“For the foreseeable future, supercomputers and large compute clusters will be necessary to conduct state-of-the art theoretical research in quantum chemistry simulations, especially for molecules like proteins,” Mironov continued. “Intel is doing a great deal of work in terms of serving the high performance computing ecosystem, including processors and manycore processors (Intel Xeon Phi coprocessor, Intel Xeon Phi processor code name Knights Landing), compilers, debuggers and profilers, MPI, storage, networks.”

About the author

Linda Barney is the founder and owner of Barney and Associates, a technical/marketing writing, training and web design firm in Beaverton, OR.

Read more:

Modified NWChem Code Utilizes Supercomputer Parallelization

Speeding up Molecular Dynamics: Modified GROMACS Code Improves Optimization, Parallelization

Optimized, Parallelized Software Enhances Quantum Chemistry Research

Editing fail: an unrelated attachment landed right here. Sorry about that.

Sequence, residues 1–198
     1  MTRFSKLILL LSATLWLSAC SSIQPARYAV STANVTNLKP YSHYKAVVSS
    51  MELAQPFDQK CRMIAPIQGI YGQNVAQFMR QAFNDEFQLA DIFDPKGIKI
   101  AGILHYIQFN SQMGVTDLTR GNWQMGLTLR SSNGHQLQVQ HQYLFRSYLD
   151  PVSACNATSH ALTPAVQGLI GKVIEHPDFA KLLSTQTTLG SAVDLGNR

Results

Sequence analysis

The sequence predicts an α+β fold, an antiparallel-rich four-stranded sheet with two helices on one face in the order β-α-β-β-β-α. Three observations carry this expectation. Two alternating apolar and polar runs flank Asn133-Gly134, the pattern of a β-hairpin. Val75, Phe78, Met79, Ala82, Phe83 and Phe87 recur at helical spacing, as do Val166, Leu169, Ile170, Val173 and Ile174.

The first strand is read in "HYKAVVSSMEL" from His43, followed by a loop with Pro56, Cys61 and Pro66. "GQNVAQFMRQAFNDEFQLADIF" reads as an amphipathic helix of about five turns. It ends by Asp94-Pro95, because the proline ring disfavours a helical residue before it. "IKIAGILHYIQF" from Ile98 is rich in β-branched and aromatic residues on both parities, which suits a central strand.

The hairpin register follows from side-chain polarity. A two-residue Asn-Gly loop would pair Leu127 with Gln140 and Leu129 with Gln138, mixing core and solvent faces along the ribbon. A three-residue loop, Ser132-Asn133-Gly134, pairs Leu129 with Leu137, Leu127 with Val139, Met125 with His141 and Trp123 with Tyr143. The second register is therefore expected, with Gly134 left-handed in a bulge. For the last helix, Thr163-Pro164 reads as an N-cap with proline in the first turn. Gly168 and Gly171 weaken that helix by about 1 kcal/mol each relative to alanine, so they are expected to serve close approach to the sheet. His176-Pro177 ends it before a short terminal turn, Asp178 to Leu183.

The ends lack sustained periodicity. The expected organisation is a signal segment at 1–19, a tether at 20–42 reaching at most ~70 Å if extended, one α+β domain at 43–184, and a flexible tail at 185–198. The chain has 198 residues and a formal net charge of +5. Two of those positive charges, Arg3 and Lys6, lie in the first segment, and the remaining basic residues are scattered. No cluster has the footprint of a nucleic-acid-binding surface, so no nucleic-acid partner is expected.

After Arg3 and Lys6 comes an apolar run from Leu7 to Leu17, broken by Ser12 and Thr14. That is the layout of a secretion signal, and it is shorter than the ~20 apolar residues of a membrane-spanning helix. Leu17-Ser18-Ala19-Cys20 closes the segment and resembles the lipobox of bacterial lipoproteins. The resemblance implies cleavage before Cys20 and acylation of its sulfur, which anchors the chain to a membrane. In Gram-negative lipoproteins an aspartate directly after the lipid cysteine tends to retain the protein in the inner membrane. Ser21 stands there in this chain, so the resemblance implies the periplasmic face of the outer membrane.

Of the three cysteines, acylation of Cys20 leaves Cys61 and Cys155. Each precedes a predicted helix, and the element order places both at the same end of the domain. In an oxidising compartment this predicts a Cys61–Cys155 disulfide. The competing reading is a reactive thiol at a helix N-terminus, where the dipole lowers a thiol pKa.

DL_POLY Molecular Dynamics Code Changes Improve Optimization and Parallelization

Supercomputers Aid in Quantum Materials Research

Molecular Dynamics Research Enhanced by More Scalable LAMMPS HPC Code

 

References:

Iowa State

https://software.intel.com/en-us/articles

http://www.msg.chem.iastate.edu/

http://www.msg.ameslab.gov/GAMESS/capabilities.html

http://www.msg.ameslab.gov/gamess/gamess_manual/gamess-05.pdf

http://www.sciencedirect.com/science/article/pii/B9780444517197500846

http://onlinelibrary.wiley.com/doi/10.1002/jcc.540141112/full

 

Moscow State

1. http://lcc.chem.msu.ru

2. http://www.msg.ameslab.gov/gamess/

3. www.jscc.ru

4. http://rscgroup.ru/en/news/212-rsc-petastream-sets-new-world-record-12-pflops-rack-towards-exascale-era

5. Andrey Semin , Egor Druzhinin, Vladimir Mironov, Alexey Shmelev, Alexander Moskovsky “ The Performance Characterization of the RSC PetaStream Module” Volume 8488 of the series Lecture Notes in Computer Science pp 420-429

6. Vladimir Mironov, Maria Khrenova, Alexander Moskovsky“ On Quantum Chemistry Code Adaptation for RSC PetaStream Architecture” High Performance Computing  Volume 9137 of the series Lecture Notes in Computer Science pp 113-121